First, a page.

Agricultural Finance: The Value-Chain Approach

Agricultural Finance

A historical review of trends reveals that agricultural finance was and remains a major setback to agricultural development in Nigeria. This article, therefore, seeks to create an understanding of the gap that exists in financing agriculture and proffers the value-chain financing approach as a sustainable solution that enables a functional food system in the country.

The state of agricultural finance in Nigeria

While farmers complain of not being adequately catered for by the government, the media is often awash with government led agricultural initiatives lending financial support to farmers across the country. The government has also continued to reiterate that despite its support towards improving agricultural development through improved credit provision and other lending initiatives, very few farmers have leveraged on these opportunities to access the much needed funds for improving efficiency and productivity in their farming business.

On the part of the private sector, the report is near the same, as quite a number of private sector operatives believe that insufficient capital is not the problem. Rather, the problem is perceived to hover on the existence of too many “uninvestable” farming businesses that lack a sustainable management structure. Recommendations by investors suggest the need for farmers to project their businesses in a better light. This can be achieved by maintaining and providing evidence of a good business track record as well as ensuring transparency in the process of execution. Also, taking advantage of collaboration opportunities through cooperatives is critical to gaining the trust of investors.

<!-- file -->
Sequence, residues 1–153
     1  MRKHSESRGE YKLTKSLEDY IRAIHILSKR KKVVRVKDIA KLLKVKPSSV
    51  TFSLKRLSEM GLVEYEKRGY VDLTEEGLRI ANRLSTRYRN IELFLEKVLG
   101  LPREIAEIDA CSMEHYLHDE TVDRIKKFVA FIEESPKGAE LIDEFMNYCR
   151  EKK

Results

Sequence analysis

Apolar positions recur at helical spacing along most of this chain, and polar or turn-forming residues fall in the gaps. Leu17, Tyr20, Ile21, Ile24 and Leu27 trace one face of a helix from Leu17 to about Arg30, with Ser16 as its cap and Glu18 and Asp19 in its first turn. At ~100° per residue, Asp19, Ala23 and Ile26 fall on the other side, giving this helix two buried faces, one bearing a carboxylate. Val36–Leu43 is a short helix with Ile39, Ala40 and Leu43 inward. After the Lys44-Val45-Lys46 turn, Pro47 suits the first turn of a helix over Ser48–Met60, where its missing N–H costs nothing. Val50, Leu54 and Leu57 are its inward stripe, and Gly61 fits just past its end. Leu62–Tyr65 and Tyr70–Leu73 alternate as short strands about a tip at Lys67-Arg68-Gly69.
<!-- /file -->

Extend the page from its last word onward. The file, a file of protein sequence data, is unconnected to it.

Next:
The challenge of agricultural finance in Nigeria

The previous section identified lack of sustainable structure and lack of trust by investors as some major challenges of financing agriculture in the country. In addition to these, Famogbiele Akinola in a research on the challenges of agricultural finance in Nigeria, stated that providing finance for agriculture cannot perform the magic of overturning the economy, considering that factors such as corruption, policy inconsistency, commodity marketing boards, lack of storage facilities and inadequate insurance cover remain major challenges.